The Warriors’ offense has traditionally centered on ball movement, while finding open shots for Thompson and Curry. Paul has traditionally overseen offenses in pick-and-roll sets. Paul operated more off-the-ball and reduced ball-handling responsibilities during his final season in Phoenix, however, both to accommodate Kevin Durant and Devin Booker and to reduce his workload. The Warriors envision both Paul and his new teammates adapting to each other’s needs well because of their collective talent, basketball IQ and willingness to sacrifice. Regardless of his volume of playmaking duties, Paul has remained an efficient mid-range shooter and passer.
“It’s basketball. Obviously, I’ve done a lot of moving around and stuff like that,” Paul said. “I get that is in front of mind for everybody all day. But for me, I’m trying to live and enjoy my summer as much as possible. I’ll worry about all of that different type of stuff when it’s time.”
Instead, Paul focused more on what brought him back to a city that he considers home. Paul, Lakers center Mo Bamba, rapper Quavo and comedian Druski all assisted Fanatics’ efforts to package more than 300,000 pieces of memorabilia that will be delivered to 100,000 underserved youth and their families in nearly 100 different locations across the country. Fanatics valued the donated merchandise at about $20 million.
“I enjoy being with the people. This is part of it,” Paul said. “A lot of people show up and do these things. But for me, it’s about being with the people that appreciated it. That’s the whole point with being at these functions, and not necessarily talk about my trade to Golden State.”
Paul backed up those words with actions. He looked enthusiastic with folding and organizing the various apparel. He politely stood with fans for photos and granted autograph requests. He greeted each fan warmly and thanked them for their support.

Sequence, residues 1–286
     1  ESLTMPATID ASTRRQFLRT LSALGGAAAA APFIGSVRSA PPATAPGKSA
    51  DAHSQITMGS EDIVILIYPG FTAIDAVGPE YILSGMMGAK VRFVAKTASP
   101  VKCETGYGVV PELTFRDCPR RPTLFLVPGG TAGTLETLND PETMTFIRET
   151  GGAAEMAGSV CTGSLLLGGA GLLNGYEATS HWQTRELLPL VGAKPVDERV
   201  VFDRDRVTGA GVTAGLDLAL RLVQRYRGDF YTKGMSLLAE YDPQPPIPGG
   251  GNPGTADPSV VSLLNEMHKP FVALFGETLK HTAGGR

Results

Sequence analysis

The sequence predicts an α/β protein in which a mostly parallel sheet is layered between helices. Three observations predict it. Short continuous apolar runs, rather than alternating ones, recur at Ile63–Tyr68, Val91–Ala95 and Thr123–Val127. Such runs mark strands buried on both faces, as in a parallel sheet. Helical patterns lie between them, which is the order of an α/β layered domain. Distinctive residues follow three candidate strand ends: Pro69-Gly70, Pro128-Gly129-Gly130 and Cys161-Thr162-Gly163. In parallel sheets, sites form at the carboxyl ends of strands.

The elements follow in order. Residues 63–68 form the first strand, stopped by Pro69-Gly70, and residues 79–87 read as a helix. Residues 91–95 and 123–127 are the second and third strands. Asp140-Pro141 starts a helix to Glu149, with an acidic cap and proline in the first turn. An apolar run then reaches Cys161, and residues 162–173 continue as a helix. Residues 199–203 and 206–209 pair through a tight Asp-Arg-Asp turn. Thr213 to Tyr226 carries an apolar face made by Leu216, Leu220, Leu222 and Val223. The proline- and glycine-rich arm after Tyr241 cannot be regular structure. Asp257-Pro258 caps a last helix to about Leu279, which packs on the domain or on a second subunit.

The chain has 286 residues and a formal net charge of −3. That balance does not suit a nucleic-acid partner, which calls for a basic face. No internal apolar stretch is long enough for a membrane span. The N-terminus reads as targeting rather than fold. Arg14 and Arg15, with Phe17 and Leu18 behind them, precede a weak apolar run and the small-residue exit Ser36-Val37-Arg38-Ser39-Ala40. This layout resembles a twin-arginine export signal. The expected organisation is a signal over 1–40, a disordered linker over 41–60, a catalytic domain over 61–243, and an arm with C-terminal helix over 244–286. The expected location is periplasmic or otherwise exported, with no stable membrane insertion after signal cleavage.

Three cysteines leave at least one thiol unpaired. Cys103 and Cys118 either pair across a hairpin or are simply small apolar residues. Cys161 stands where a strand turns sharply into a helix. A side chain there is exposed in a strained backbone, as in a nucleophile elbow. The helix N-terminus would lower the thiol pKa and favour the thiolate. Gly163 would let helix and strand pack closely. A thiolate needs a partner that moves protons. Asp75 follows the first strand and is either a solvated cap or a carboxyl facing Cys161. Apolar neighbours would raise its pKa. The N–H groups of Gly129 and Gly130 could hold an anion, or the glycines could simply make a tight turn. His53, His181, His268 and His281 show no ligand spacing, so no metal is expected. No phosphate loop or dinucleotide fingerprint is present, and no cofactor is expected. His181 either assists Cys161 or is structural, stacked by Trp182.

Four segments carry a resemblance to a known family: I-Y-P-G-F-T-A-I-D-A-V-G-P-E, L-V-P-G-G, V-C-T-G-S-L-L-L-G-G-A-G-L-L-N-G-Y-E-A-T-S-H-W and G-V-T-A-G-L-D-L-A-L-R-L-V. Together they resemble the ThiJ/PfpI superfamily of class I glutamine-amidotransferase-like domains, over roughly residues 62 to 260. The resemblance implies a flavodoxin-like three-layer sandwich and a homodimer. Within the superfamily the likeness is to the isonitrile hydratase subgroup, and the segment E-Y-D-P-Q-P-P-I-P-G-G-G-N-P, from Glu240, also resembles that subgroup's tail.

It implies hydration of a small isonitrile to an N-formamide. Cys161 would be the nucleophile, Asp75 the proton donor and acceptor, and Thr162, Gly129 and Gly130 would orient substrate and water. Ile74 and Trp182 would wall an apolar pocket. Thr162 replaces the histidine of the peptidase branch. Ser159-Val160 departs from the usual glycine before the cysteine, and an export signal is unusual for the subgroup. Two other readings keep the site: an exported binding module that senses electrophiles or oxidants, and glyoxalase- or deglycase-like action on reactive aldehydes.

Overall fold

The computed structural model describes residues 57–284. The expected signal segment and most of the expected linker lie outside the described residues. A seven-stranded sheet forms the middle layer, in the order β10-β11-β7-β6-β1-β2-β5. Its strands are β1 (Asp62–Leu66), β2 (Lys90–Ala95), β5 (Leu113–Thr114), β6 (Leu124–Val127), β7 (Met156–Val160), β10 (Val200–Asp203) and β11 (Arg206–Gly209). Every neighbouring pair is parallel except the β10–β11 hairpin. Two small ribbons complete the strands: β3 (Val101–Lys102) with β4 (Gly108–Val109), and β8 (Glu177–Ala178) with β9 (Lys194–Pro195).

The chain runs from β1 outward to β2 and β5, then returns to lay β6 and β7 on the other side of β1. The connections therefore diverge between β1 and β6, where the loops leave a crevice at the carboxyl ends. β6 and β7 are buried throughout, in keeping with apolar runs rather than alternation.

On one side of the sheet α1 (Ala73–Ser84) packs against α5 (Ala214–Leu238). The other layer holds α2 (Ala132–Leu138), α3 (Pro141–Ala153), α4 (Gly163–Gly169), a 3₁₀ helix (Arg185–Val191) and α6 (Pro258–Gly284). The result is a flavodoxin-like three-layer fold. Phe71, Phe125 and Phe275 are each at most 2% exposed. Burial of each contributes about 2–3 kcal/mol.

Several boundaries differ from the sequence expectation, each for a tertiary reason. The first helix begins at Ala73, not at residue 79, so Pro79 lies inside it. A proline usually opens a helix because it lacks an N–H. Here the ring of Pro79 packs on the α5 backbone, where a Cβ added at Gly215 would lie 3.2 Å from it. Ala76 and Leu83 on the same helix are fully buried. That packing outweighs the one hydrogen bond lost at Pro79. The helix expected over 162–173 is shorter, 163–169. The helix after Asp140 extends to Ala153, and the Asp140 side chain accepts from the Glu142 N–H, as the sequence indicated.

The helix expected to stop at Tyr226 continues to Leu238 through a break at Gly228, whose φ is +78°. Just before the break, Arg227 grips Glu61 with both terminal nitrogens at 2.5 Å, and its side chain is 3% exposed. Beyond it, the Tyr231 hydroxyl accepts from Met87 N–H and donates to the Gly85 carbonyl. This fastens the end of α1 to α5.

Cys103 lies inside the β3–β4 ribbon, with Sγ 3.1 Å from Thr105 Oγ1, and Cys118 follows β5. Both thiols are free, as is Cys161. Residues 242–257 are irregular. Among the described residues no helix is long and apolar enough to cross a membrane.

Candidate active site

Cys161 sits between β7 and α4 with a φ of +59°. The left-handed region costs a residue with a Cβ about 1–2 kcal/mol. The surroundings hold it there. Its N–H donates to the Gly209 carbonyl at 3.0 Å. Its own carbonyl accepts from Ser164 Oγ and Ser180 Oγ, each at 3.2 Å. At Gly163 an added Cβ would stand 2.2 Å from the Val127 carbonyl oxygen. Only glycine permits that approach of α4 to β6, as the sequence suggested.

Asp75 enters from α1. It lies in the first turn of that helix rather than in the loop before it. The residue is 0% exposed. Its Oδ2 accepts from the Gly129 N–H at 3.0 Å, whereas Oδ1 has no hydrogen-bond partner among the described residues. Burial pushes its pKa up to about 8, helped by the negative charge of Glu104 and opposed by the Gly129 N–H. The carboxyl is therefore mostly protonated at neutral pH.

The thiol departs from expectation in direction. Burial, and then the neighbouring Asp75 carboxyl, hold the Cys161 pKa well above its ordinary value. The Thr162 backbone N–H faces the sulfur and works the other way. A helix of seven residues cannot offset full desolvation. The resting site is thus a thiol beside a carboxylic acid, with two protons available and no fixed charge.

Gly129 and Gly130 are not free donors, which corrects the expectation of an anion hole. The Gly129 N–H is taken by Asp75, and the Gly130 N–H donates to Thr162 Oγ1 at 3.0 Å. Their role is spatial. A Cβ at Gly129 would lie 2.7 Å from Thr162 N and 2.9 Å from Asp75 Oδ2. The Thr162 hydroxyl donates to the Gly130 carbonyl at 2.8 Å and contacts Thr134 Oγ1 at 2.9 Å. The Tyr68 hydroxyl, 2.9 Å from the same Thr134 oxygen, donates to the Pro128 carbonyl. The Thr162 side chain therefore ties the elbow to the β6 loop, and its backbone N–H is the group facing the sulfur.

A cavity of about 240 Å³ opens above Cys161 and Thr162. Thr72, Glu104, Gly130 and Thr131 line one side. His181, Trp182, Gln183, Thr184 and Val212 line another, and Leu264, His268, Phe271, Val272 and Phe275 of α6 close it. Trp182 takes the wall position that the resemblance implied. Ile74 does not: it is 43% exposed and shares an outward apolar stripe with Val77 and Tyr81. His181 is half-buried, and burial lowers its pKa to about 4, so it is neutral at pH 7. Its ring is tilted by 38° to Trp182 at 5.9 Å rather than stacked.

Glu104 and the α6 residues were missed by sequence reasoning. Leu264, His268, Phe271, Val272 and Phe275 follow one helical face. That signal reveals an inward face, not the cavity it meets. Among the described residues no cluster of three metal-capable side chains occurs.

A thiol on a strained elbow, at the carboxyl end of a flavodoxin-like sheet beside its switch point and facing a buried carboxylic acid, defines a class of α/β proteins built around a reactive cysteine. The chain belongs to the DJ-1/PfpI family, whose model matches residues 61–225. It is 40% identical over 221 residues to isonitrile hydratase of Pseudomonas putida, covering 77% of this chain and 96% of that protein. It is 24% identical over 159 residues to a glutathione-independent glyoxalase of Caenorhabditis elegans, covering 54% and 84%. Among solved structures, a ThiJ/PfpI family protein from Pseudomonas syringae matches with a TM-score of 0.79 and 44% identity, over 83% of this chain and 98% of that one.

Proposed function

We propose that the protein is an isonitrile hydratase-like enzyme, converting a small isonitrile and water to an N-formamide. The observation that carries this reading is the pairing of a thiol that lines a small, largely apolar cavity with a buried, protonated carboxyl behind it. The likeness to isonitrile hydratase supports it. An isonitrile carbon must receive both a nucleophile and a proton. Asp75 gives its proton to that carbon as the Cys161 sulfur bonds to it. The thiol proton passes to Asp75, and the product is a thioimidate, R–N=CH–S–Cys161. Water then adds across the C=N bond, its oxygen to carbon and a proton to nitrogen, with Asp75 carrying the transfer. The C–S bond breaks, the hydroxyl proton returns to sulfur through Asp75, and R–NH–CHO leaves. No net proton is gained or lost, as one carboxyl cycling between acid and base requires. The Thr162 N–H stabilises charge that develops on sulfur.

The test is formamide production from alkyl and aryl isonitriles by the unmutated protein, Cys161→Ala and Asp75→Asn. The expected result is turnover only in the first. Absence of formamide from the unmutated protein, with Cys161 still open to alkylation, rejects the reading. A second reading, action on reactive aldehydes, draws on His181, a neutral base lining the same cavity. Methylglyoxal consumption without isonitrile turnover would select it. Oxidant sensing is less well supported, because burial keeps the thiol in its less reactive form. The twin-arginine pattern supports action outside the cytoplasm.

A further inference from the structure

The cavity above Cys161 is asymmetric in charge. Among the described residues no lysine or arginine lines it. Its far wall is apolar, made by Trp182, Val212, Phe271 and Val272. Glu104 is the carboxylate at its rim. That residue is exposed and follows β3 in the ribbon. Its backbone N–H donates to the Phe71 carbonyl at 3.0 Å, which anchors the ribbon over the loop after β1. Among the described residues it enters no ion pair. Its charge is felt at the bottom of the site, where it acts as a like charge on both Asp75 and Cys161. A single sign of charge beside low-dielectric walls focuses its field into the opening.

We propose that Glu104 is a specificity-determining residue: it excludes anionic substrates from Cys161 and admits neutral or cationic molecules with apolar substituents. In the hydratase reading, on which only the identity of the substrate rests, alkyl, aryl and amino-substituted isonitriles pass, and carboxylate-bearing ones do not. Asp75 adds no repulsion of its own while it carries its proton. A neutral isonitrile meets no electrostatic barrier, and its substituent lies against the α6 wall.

“I was brought up like this. So I was at events all the time where people were giving back to us and our church. This is my normal,” said Paul, who grew up in Winston-Salem, NC. “I did it as a kid. All the people I see out here remind me of my family and my cousins and my aunts and uncles.”
All of which has marked a busy time for the 38-year-old Paul. He traveled to New York City partly to promote his newly released memoir, Sixty-One. As a former president of the National Basketball Players Association, Paul met with prospects before the NBA Draft and encouraged them both to “keep the main thing the main thing” and “don’t forget where you came from.” And he received clarity on his NBA future after being traded twice in less than a week.
“I’m so fortunate to have a support system around me,” Paul said. :A lot of people don’t like me; let me tell you. I’ve been in leadership positions where you have to make real decisions. Not everybody is going to like those decisions. But as long as you’re comfortable with who you are and your foundation, you can stand on that. That’s what I’m trying to do.”
Paul plans to do the same thing with Golden State while still keeping a community connection to Los Angeles.